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Who Benefits From “Craft Beverage” Tax Cuts?

Importers of craft beverage shipments of export cargo and import cargo in international trade will benefit from US tax cut.

Who Benefits From “Craft Beverage” Tax Cuts?

The Republican tax bill includes deep cuts to alcohol excise taxes that are widely described as benefiting small craft brewers and distillers. In fact, most of the tax cuts go not to the little guys, but to big producers.

According to the Joint Committee on Taxation, these tax cuts, which are rolled up in a part of the bill called the “Craft Beverage Modernization and Tax Reform Act,” reduce total alcohol revenues by $4.2 billion over the two years they are in effect, a cut equal to about 20 percent of total alcohol excise tax revenues in those years.

The frequent assertion that the tax cut is for craft brewers and distillers is misleading.

For every $20 of alcohol tax cuts in the legislation, only about $1 actually goes to the true craft brewers or small distillers.

Most of the revenue—the other $19—goes to larger producers and to importers. This is largely because of new or expanded opportunities to evade or avoid the limits on what qualifies for the lowest tax rates. For instance, it’s plausible that a third to one half of all distilled spirits sold in the US will qualify for the reduced rate.

By allowing alcohol from foreign and large domestic producers to be passed off as “craft,” certain parts of the legislation may put America’s real small brewers and distillers at a competitive disadvantage.

The new law reduces the excise tax rate on the first 60,000 barrels of beer by 50 percent (from $7 to $3.50) no matter how small or large the brewer. It cuts the tax on the first 100,000 proof gallons of distilled spirits by 80 percent (from $13.50 to $2.70), and by 40 percent on the first 30,000 gallons of most wine (from $0.17 to $0.07 after the increased wine credit). Because these small producers are targeted with the biggest cuts, they must represent most of the revenue, right? Not true.

Small brewers (those producing less than 60,000 barrels) only produced 4.6 percent of all US-made beer in 2016 (about 8 million barrels). And because they already benefited from a lower $7 per barrel tax, while most beer was taxed at $18/barrel, they accounted for only about $56 million in taxes or 1.5 percent of total beer tax revenues (including imports).[1] Cutting their taxes in half should only cost about $28 million.

The story is similar for distilled spirits. Small producers that make less than 100,000 proof gallons per year represent only 1.5 percent of all domestic taxable distilled spirits production. Collectively, they paid about one percent of all taxes on distilled spirits in 2016—or about $61 million in excise taxes.[2]  Even with an 80 percent tax cut, that’s only $49 million.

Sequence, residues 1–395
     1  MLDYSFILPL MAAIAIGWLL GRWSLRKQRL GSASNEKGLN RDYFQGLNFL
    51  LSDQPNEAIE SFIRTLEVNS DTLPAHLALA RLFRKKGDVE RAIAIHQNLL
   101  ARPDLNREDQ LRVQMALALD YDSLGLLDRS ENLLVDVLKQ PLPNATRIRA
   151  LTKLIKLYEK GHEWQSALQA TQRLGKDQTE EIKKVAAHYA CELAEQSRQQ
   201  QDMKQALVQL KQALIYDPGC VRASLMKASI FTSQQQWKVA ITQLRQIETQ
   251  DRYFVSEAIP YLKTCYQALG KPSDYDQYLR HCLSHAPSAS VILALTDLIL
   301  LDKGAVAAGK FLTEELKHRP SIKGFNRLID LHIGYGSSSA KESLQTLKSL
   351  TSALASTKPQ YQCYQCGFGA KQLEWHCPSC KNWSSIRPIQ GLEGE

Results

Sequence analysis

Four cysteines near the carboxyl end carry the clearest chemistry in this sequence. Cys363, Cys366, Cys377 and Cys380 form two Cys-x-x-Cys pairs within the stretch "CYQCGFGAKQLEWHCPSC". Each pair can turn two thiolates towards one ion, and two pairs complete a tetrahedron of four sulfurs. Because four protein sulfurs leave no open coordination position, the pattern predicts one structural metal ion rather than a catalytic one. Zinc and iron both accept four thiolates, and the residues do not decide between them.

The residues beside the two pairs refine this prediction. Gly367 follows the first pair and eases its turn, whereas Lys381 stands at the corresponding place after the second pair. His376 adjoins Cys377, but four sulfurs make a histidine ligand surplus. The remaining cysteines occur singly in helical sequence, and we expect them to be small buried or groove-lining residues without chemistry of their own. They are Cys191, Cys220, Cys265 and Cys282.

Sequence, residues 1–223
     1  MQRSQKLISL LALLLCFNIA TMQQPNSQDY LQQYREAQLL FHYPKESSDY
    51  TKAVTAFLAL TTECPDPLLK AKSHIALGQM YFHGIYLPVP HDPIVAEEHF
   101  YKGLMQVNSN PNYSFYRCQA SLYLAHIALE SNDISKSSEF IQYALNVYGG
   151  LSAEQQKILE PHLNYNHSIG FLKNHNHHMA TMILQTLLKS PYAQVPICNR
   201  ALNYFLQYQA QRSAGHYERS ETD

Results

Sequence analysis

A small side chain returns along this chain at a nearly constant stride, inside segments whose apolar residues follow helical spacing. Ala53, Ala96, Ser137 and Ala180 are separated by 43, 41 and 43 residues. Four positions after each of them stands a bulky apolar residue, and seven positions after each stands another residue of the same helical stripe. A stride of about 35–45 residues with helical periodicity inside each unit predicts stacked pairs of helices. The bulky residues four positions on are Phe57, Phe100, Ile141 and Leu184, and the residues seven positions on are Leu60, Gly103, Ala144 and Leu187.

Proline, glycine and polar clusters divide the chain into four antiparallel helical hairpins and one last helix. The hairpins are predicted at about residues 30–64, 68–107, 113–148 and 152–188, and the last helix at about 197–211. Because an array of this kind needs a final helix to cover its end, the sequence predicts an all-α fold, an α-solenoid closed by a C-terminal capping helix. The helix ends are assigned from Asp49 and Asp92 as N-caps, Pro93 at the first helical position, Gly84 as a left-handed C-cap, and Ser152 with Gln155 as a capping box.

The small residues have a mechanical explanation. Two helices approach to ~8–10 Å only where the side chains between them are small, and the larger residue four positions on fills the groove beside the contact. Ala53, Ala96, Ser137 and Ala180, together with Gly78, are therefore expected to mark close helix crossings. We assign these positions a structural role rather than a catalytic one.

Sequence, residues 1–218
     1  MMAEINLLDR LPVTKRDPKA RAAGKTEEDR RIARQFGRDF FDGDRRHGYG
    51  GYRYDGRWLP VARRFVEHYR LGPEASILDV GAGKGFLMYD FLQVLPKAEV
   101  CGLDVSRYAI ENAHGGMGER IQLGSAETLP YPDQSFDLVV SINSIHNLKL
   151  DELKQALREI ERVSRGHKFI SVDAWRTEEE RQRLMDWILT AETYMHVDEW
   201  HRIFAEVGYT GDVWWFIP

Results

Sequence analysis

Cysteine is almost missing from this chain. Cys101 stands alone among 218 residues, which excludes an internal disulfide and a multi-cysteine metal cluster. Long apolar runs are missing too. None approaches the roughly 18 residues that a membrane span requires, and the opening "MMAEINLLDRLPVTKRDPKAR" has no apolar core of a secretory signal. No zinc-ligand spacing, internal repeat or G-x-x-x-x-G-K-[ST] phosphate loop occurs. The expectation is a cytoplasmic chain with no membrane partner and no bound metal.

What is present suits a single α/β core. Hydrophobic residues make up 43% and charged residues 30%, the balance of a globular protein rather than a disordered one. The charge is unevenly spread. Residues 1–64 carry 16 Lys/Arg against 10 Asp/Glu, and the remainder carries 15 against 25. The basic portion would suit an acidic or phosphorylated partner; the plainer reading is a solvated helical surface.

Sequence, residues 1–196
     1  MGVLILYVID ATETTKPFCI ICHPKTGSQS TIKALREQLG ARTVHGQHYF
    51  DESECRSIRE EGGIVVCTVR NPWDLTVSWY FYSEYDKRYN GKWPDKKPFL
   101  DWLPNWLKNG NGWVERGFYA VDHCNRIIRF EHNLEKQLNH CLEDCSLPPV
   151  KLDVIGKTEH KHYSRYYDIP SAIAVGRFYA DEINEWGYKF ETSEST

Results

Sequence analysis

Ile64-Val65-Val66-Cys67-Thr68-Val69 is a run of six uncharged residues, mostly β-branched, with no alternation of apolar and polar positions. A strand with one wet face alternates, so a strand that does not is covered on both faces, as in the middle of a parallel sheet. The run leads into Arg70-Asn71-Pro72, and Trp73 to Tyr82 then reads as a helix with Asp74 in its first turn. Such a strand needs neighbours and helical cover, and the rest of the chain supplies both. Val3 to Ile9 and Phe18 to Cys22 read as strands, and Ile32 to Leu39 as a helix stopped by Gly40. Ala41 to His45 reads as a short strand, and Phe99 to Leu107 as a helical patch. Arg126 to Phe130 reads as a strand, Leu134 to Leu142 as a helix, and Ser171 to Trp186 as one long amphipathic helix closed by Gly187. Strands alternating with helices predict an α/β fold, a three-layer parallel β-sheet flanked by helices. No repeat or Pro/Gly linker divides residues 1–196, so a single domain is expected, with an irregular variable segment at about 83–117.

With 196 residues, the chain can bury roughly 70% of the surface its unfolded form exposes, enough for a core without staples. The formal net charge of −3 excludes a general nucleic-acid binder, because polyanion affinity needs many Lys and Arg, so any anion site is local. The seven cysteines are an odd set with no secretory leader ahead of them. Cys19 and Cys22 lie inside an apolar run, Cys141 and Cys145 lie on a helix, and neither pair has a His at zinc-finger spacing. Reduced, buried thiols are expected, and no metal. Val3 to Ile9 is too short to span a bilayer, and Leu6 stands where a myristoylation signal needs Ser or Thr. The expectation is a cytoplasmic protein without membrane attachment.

The government does not produce comparable data for wine production, so it is not possible to calculate the exact share of taxes paid by this group. However, the wine industry is also highly concentrated, and small producers represent only a small fraction of total production and already benefit from a deeply reduced rate. Total domestic wine taxes were $768 million in 2016, so even under the generous assumption that small wine producers accounted for 5 percent of total revenues (and got a 40 percent cut) that would only be $23 million.

In other words, small producers can’t be the primary beneficiaries of a tax bill that reduces alcohol taxes by 20 percent when they only account for 1 to 2 percent of all alcohol excise taxes paid. Of the $2.1 billion in tax cuts, American craft producers are only getting roughly $100 million—about $1 for each $20 of tax cuts.

So where is all the money going? A small part is the fact that all producers (not just small producers) get a tax cut. The law also provides cuts for medium and large brewers. InBev and MolsonCoors, for instance, each get $12 million. Similarly, all spirits distillers get the reduced rate on the first 100,000 gallons they produce and a slightly lower rate reduction on the next 22,130,000 proof gallons. And all wine makers (not just small ones) are eligible for lower effective rates on up to 750,000 gallons of production. But even these deliberate cuts can explain only a small share of the total revenue loss.

Instead, most of the revenue reduction arises because of new opportunities to evade or avoid the tax by foreign or large domestic producers passing off their product as “craft.”

The biggest problem is that “producers” and not just “distillers” or “brewers” benefit from the deepest tax cuts. Despite the name, producers need not actually produce their own alcohol—they can purchase it from elsewhere and process it through activities like blending, mixing, flavoring, aging, or bottling. Not only does the new law allow this to qualify for the low rate, it makes it much easier. Under the new “simplifications,” the purchased alcohol or beer can now be transferred tax-free between unrelated producers. Beer can be brewed at one plant, shipped to another producer, and taxed only when sold—as craft—by the recipient producer. Previously, such transfers were generally limited to facilities with a common owner, or limited to transfers in bulk containers greater than a gallon. However, in the new system, the industrial producer can now bottle and label it before shipping.